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Full-Text Articles in Law

Textualism And The Future Of The Chevron Doctrine, Thomas W. Merrill Jan 1994

Textualism And The Future Of The Chevron Doctrine, Thomas W. Merrill

Faculty Scholarship

The last decade has been a remarkable one for statutory interpretation. For most of our history, American judges have been pragmatists when it comes to interpreting statutes. They have drawn on various conventions – the plain meaning rule, legislative history, considerations of statutory purpose, canons of construction – "much as a golfer selects the proper club when he gauges the distance to the pin and the contours of the course." The arrival of Justice Scalia on the Supreme Court has changed this. Justice Scalia is a foundationalist, insisting that certain interpretational tools should be permanently banned from judicial use. What is more ...


A Modest Proposal For A Political Court, Thomas W. Merrill Jan 1994

A Modest Proposal For A Political Court, Thomas W. Merrill

Faculty Scholarship

I offer a modest proposal. You can decide for yourself whether it is offered in the spirit of Jonathan Swift, or whether I mean it to be taken seriously.


Brecht V. Abrahamson: Harmful Error In Habeas Corpus Law, James S. Liebman, Randy Hertz Jan 1994

Brecht V. Abrahamson: Harmful Error In Habeas Corpus Law, James S. Liebman, Randy Hertz

Faculty Scholarship

For the past two and one-half decades, the Supreme Court and the lower federal courts have applied the same rule for assessing the harmlessness of constitutional error in habeas corpus proceedings as they have applied on direct appeal of both state and federal convictions. Under that rule, which applied to all constitutional errors except those deemed per se prejudicial or per se reversible, the state could avoid reversal upon a finding of error only by proving that the error was harmless beyond a reasonable doubt. The Supreme Court adopted this stringent standard in Chapman v. California to fulfill the federal ...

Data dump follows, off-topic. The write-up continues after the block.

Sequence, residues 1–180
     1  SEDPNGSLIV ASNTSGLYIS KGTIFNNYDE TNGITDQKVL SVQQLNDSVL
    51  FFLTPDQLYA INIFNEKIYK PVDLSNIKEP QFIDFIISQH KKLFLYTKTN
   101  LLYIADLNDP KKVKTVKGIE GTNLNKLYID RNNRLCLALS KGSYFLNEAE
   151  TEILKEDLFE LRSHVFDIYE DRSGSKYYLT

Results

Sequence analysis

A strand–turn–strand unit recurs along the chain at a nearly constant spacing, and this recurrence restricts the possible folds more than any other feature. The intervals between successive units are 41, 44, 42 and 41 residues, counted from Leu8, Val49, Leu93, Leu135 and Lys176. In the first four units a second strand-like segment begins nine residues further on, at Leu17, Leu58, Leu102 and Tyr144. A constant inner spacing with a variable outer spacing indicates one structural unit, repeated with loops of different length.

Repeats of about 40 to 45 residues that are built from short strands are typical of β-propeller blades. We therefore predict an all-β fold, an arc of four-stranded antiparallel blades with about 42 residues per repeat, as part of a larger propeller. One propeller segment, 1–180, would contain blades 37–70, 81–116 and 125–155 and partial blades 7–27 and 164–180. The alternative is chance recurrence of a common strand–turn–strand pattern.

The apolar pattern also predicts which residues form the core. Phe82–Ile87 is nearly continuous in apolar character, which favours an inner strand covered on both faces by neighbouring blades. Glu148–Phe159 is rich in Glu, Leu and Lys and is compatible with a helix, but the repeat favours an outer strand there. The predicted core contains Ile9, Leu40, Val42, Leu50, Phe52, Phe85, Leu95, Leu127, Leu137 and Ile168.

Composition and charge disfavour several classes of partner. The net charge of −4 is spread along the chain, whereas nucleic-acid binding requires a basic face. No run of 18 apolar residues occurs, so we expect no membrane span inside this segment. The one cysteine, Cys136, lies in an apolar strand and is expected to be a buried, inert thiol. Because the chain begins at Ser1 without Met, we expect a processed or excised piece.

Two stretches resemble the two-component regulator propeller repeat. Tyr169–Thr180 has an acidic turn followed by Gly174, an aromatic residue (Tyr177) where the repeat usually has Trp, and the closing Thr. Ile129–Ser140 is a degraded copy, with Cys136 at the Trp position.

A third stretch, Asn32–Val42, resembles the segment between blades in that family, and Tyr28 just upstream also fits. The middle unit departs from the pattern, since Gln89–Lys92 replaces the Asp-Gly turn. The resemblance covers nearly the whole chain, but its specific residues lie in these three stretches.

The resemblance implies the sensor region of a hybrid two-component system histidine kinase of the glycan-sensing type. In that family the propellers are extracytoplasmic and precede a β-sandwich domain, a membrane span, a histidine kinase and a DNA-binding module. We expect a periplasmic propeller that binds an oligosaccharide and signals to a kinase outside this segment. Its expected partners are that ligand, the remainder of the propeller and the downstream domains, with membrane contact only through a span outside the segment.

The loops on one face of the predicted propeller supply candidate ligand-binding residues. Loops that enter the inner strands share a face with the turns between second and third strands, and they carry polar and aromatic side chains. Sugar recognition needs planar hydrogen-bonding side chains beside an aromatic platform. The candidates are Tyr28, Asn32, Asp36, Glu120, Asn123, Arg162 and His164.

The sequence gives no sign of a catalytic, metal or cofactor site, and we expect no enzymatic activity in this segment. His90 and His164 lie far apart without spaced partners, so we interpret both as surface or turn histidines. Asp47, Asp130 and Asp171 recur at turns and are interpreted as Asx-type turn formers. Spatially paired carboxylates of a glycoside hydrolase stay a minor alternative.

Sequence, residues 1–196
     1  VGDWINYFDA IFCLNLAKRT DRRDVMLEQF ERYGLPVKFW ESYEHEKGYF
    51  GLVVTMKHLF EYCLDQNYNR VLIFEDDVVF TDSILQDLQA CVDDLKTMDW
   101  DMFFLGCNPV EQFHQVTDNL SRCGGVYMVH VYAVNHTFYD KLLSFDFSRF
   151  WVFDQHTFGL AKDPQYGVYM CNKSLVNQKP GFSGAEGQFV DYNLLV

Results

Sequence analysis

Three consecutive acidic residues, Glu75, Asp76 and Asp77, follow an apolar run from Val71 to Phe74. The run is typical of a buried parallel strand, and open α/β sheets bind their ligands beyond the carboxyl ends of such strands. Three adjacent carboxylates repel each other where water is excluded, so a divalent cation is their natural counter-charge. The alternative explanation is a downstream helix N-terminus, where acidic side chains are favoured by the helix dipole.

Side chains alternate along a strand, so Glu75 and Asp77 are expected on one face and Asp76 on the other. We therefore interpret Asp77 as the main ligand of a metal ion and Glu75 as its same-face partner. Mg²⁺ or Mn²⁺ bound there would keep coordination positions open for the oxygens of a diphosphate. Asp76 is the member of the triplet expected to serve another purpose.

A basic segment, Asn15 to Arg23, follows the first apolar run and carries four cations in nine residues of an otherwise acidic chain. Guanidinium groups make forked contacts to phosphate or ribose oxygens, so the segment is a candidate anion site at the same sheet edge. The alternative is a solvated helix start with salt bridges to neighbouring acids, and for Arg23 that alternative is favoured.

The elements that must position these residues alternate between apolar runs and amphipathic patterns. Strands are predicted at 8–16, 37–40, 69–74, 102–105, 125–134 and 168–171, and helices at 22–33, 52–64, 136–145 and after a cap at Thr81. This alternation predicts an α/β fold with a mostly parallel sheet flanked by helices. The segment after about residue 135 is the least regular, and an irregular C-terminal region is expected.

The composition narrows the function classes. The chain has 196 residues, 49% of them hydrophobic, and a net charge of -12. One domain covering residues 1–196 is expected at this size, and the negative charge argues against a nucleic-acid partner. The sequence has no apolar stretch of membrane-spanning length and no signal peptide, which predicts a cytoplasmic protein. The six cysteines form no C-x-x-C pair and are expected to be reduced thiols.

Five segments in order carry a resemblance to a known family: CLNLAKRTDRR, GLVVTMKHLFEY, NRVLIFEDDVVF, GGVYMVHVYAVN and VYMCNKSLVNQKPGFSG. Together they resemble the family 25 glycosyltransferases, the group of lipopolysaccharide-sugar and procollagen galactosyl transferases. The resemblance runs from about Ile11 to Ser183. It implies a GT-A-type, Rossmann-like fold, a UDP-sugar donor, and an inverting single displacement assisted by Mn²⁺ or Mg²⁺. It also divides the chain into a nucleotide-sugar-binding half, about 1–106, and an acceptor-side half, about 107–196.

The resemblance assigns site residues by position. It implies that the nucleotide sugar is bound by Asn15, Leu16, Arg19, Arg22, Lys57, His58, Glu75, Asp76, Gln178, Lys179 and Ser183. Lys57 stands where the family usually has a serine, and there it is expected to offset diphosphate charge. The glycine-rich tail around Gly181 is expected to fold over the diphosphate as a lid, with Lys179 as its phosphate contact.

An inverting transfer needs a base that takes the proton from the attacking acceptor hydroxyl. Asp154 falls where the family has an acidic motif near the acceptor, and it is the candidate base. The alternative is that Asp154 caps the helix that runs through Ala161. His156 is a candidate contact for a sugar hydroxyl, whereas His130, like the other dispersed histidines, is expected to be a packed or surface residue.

Of Laws And Men: An Essay On Justice Marshall's View Of Criminal Procedure, Daniel C. Richman, Bruce A. Green Jan 1994

Of Laws And Men: An Essay On Justice Marshall's View Of Criminal Procedure, Daniel C. Richman, Bruce A. Green

Faculty Scholarship

As a general rule, criminal defendants whose cases made it to the Supreme Court between 1967 and 1991 must have thought that, as long as Justice Thurgood Marshall occupied one of the nine seats, they had one vote for sure. And Justice Marshall rarely disappointed them – certainly not in cases of any broad constitutional significance. From his votes and opinions, particularly his dissents, many were quick to conclude that the Justice was another of those "bleeding heart liberals," hostile to the mission of law enforcement officers and ready to overlook the gravity of the crimes of which the defendants before ...